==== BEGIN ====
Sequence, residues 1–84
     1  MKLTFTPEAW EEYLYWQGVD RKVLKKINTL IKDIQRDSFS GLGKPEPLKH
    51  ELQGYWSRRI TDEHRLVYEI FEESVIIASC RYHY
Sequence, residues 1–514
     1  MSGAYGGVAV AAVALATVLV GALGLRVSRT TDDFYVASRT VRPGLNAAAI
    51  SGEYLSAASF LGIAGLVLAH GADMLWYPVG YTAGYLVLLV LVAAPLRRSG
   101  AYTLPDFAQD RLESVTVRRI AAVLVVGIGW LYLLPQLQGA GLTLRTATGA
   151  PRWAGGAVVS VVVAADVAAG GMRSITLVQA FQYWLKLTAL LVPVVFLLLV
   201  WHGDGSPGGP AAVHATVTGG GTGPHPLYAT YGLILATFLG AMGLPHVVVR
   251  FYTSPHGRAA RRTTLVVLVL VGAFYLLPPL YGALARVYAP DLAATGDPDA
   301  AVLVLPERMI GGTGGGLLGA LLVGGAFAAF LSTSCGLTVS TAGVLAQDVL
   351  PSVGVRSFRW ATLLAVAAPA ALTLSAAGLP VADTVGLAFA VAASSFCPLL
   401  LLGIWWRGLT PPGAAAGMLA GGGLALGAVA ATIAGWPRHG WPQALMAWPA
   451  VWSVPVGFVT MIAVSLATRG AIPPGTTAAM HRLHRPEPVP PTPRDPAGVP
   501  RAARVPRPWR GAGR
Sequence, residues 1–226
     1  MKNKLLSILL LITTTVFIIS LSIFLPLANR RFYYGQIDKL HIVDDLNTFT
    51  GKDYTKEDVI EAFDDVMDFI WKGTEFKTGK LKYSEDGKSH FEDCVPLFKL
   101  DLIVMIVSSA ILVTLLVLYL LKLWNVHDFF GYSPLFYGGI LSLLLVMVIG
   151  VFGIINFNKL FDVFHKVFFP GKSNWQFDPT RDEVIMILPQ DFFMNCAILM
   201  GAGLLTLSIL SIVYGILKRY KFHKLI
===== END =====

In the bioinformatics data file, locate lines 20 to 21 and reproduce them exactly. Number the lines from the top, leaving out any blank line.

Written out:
   151  VFGIINFNKL FDVFHKVFFP GKSNWQFDPT RDEVIMILPQ DFFMNCAILM
   201  GAGLLTLSIL SIVYGILKRY KFHKLI